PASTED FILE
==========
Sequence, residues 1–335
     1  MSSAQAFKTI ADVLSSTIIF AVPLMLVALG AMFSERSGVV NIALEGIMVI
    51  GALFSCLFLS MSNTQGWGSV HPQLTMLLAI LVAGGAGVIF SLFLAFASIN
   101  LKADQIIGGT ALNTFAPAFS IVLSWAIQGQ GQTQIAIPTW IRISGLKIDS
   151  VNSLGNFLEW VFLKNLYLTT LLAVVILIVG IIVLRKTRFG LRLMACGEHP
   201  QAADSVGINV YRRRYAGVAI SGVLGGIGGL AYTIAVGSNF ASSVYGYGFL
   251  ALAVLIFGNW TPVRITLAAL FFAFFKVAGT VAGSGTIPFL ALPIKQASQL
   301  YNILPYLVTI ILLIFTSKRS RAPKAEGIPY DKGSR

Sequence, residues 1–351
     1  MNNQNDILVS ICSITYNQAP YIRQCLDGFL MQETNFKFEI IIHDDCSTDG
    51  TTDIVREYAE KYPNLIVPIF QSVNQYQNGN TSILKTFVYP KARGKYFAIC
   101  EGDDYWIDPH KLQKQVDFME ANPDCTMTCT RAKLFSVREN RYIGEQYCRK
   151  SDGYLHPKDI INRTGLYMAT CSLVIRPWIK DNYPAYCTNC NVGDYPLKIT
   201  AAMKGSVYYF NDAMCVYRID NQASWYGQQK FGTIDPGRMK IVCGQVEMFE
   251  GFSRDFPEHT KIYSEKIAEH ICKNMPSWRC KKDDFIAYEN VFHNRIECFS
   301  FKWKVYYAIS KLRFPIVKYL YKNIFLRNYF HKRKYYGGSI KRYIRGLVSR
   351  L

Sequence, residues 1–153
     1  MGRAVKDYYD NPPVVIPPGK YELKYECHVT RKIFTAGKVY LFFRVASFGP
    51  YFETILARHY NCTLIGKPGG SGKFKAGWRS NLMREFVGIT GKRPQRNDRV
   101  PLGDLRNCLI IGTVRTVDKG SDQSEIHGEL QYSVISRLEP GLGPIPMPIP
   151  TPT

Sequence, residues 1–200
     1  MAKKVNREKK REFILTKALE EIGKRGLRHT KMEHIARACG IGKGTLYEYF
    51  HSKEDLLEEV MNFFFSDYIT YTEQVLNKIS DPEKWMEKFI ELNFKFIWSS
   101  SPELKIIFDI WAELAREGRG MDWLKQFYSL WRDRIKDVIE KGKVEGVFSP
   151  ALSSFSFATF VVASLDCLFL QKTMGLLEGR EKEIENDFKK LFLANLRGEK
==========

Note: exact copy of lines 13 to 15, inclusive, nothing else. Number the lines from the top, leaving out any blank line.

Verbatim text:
   151  SDGYLHPKDI INRTGLYMAT CSLVIRPWIK DNYPAYCTNC NVGDYPLKIT
   201  AAMKGSVYYF NDAMCVYRID NQASWYGQQK FGTIDPGRMK IVCGQVEMFE
   251  GFSRDFPEHT KIYSEKIAEH ICKNMPSWRC KKDDFIAYEN VFHNRIECFS